What's next for Blackhawks as McDonough exits?
It was business as usual late Monday afternoon.
Or unusual, if you will, given the circumstances of an NHL shutdown, but the Blackhawks were going about their business during the busiest time of the year.
For those in hockey operations, it's a critical period as they prepare for the draft and try to determine a roster for next season depending on so many factors, not the least of which is a salary cap that could take any form and change based on many factors.
In business and marketing, the time for setting up next season occurs now, so working remotely did not mean working any less diligently.
This was the picture painted by Hawks employees who were as stunned as anyone when they learned team president John McDonough had been fired Monday.
McDonough "was completely caught off guard," said a team source, and had no inkling that owner Rocky Wirtz was of a mind to make a change.
Wirtz expressed nothing but support for McDonough these last few years as the Hawks struggled on the ice, and praised McDonough endlessly over 13 years for his leadership and for bringing the Hawks into the modern era of sports business.
Son Danny Wirtz has been around more over the last couple of years and takes over as acting president, which calls into question the future of general manager Stan Bowman and much of the hockey ops staff, which had the backing of McDonough.
Rocky Wirtz has been strictly hands off in every aspect of the organization, so it's highly unlikely there was a dispute in terms of the GM position while Bowman tried to win and rebuild at the same time, a nearly impossible task.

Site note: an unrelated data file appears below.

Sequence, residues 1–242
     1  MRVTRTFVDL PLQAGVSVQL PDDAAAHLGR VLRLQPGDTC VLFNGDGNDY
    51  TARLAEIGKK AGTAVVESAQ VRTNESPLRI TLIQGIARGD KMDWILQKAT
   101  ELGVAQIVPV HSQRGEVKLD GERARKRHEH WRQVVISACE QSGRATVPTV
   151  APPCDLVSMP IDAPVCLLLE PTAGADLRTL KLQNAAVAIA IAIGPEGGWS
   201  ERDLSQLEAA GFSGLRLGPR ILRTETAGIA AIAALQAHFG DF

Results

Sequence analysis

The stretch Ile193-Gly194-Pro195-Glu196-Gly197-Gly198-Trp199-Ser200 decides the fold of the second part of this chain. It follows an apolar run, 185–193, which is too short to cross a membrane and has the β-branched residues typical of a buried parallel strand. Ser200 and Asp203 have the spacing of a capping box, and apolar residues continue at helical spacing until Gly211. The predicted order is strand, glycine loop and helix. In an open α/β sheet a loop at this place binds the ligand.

That also doesn't mean that Wirtz didn't disagree with the direction of the program, even if he never voiced it.
In his statement Monday, Wirtz wrote, "What we do know is that it will take a new mindset to successfully transition the organization to win both on and off the ice."
One surprising but logical replacement atop the organization is broadcaster and former Hawk Eddie Olczyk, whose name has been quietly bandied about in rumors among NHL types for years and in several NHL cities as a team president, including Philadelphia and Seattle.
Olczyk has the hockey knowledge and personality to run an organization, and he's widely popular in Chicago. That would give him the time necessary if he chose to rebuild.
McDonough, meanwhile, was always the first to admit that he is difficult to work for and incredibly demanding, but he also took over an organization that was stuck in the 1950s on the business side and in the 1970s on the hockey side.
A complete structural rebuild was necessary and that meant a serious approach that never existed on the West Side.
"We all read body language for a living, right? I could just see in people's eyes, 'I'm out. I want no part of this. I've heard of this guy and I want no part of it,' " McDonough told me in 2017 of his first day on the job with the Hawks. "I didn't want to make knee-jerk assessments on anyone, but I knew there had to be a new approach.
"People talk all the time about 'changing the culture.' I think it's the single-hardest thing I've ever had to deal with."
There were rumors in 2016 that the Bears might try to pry McDonough loose, and he would be a perfect fit for that organization, also stuck decades behind the times.